Patel was born in the state of Gujarat in India. His family moved to Morehead City in 1993, where his uncle owned a 20-room hotel. Patel grew up working in hotels that his parents managed.
When it came time to open his own place, Patel chose a hooka bar because he noticed that the concept was slowly making its way east from the West Coast.
But after eight months he realized it wasn't going to work.
"It did OK in the beginning," he said. "But you couldn't do volume. You had patrons sitting for an hour."
Patel decided to turn the lounge into a nightclub called Pi Bar, which did well enough that was able to sell it three years later and pay off his investors.
His next project was supposed to be in Glenwood South, where Patel planned to buy the location then occupied by The Hard Times.
With backing from various investors, Patel secured a $1.2 million loan for the project. But the deal fell through after the loan closed.
Shortly thereafter the owners of Mura announced they were looking to sell and Patel pounced.
Using a formula that he would later repeat, Patel simplified things and made Mura a more happening place, not just a place to dine. Some of Eschelon's restaurants, notably The Oxford, are known as much for their late-night social scene as they are for anything on the menu.
Eschelon acts as its own marketing firm. It has built up a database of customers that it keeps in touch with regularly through social networking.
Patel attributes much of Eschelon's success to the team of people he's build around him. The company now employs nearly 200 people. That team allows Patel and his wife, Julie, to travel frequently to places like Turkey and India.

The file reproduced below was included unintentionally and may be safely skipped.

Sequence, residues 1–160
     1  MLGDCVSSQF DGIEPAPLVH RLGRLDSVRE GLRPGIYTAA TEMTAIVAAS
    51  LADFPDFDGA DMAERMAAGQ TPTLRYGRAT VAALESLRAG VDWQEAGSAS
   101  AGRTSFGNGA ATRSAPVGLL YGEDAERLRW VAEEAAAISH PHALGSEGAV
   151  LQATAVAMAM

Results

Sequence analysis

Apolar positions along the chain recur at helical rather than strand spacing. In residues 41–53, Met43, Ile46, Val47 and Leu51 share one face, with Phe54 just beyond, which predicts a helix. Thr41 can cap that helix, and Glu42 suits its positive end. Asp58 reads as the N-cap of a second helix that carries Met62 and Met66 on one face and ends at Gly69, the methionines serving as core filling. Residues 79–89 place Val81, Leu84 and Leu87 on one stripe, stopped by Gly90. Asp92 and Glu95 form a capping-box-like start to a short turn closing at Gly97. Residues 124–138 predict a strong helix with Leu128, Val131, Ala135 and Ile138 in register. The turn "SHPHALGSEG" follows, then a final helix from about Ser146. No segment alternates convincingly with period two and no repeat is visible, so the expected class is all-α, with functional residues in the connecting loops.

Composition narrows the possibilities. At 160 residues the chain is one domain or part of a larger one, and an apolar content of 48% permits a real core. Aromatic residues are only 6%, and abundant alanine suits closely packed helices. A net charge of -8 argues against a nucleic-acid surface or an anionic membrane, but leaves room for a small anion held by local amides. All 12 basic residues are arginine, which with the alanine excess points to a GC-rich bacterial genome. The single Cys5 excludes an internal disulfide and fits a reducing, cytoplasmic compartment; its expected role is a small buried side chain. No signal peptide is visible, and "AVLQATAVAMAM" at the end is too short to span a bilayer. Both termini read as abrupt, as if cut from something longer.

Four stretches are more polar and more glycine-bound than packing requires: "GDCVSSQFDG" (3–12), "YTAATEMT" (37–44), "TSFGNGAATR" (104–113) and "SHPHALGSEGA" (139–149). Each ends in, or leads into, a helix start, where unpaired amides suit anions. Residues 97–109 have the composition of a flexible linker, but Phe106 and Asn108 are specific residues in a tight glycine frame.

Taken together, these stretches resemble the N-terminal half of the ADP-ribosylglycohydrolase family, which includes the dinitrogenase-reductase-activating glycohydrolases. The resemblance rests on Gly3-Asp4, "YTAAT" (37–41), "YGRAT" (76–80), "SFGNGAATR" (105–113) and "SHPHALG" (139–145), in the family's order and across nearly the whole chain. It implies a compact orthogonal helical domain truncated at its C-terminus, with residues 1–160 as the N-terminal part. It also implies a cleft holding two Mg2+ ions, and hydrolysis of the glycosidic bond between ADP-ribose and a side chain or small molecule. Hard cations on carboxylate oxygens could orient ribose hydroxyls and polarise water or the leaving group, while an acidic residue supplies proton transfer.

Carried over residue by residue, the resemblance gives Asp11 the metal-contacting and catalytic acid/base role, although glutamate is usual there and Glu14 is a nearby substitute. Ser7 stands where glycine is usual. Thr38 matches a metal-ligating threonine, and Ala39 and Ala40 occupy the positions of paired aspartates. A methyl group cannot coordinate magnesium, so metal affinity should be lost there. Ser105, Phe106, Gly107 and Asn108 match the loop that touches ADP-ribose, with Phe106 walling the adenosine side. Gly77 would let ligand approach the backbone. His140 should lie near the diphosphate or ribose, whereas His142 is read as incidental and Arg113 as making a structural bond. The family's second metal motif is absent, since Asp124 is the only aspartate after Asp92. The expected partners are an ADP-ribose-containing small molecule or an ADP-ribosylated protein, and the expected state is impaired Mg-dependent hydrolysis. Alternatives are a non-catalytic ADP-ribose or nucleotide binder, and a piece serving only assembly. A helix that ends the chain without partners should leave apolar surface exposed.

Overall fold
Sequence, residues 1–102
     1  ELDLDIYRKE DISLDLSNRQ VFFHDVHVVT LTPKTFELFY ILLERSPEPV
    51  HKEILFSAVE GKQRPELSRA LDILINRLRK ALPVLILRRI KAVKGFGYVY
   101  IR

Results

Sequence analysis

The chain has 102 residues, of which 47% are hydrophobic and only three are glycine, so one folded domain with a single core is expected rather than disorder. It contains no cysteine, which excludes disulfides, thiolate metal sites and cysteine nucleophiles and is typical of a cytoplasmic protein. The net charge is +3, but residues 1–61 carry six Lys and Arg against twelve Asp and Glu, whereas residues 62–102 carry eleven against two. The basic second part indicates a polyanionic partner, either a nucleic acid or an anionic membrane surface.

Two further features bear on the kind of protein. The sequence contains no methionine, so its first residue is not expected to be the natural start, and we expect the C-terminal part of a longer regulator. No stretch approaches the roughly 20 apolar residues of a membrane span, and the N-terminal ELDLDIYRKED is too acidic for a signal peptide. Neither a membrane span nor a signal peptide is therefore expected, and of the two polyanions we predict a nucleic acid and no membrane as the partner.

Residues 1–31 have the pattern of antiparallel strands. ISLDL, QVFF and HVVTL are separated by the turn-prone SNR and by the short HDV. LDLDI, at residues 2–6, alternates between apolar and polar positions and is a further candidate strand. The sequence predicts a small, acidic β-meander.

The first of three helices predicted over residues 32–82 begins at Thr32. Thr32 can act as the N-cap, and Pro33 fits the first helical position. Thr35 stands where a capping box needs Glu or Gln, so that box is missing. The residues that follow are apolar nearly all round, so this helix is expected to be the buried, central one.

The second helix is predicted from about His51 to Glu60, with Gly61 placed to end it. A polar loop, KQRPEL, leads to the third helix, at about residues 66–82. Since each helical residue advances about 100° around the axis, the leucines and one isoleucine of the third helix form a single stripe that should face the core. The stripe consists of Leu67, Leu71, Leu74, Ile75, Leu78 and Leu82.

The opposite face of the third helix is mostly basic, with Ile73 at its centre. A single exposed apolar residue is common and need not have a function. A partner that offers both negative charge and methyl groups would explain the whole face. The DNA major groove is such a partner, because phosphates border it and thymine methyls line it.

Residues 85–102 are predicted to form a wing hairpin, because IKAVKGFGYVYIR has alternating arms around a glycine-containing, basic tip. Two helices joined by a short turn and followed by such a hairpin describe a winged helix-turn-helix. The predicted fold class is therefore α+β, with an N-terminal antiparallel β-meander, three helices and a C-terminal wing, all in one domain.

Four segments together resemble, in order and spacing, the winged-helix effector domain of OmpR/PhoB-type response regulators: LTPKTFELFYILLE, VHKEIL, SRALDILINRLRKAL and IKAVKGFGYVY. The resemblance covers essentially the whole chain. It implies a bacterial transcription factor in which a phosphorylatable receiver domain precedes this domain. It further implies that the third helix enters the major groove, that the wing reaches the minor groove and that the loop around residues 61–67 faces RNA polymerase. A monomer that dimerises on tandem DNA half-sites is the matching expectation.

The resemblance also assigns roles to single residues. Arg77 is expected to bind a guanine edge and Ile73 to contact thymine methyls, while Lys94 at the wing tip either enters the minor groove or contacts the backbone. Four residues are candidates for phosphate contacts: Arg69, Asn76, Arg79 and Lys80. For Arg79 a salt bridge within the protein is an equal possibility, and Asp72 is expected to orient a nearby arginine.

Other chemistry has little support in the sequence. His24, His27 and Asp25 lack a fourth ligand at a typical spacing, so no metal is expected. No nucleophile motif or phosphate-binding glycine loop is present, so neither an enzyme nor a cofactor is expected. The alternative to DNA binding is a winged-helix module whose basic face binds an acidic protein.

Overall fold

Patel's lack of expertise in the kitchen means he relies on his chefs for guidance with the menus. He partnered with Mike Lee, the former sushi chef at Mura, to open Sono.
Patel pays close attention to trends in the restaurant industry, looking for new concepts that are gaining in popularity elsewhere. That helps explain Dapper House Style, a small bar and fashion boutique that Eschelon opened downtown on Morgan Street in September 2010.
The concept has struggled to catch on in Raleigh, but Patel said he's willing to give it time.
Zinda, the new Asian restaurant planned for RBC Plaza, is another concept on the rise. The Cheesecake Factory, among other major restaurant chains, has opened a restaurant with a similar concept.
RBC Plaza's owner, Highwoods Properties, passed on a number of other concepts before going with Eschelon and Zinda.
"G is a proven and successful restaurateur. He has proven he knows the business, and we have a lot of confidence in him," said Tabitha Zane, Highwoods' vice president of investor relations.
As for what's next after Zinda, Patel is interested in getting into real estate development and possibly expanding into Durham.
"I've looked at that market quite a bit," he said.
For now, though, he's sticking with the formula that's gotten him this far.
"I'm not on the outskirts," he said. "Nothing catastrophic is going to happen in North Hills or downtown."